LADIES BLANCHARD'S PILLS Are unrivalled for all Irregularities, etc., they speedily afford relief and never fail to alleviate all suffering, etc. They supersede Pennyroyal, Pil Cochia, Bitter Apple. Blanchard's are the best of all Pills for Women. Sold in boxes Is. lid., by BOOTS' Branches and all Chemists, or post free, same price, from LESLIE MARTYN, Ltd., Chemists, 34, Dalston Lane, London. Sample and valuable booklet post free Id.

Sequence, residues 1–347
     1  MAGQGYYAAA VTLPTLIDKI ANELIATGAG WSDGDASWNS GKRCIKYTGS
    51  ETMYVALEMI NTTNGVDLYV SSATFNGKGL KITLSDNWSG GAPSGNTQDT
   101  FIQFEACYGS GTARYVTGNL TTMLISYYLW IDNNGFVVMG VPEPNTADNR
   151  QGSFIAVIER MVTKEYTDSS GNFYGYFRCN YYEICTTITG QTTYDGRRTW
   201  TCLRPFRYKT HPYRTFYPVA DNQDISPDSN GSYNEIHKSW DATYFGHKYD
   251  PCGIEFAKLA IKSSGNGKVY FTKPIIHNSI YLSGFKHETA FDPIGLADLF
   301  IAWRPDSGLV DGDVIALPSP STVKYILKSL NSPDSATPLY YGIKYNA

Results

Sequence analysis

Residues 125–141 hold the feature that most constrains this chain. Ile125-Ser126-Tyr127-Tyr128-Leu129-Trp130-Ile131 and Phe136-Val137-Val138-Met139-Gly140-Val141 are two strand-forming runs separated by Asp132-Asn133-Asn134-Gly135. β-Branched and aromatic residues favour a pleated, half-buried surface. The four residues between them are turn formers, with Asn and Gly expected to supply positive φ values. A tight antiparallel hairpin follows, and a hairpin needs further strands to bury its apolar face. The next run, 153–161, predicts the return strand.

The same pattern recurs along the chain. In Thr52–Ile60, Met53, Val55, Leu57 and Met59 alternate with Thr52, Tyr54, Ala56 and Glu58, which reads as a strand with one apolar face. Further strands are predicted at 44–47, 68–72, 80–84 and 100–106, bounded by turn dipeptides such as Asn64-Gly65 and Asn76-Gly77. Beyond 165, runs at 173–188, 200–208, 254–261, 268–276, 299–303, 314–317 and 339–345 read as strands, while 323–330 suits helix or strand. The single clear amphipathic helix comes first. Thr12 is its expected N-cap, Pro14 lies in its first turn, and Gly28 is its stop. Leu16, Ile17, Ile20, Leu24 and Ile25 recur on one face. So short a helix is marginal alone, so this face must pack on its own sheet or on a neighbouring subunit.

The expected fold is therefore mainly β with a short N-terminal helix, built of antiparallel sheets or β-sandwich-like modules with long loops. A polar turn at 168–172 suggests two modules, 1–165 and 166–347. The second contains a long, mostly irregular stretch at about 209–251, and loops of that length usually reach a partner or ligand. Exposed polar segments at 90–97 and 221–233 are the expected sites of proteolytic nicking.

Gathered Comments ON THE WAR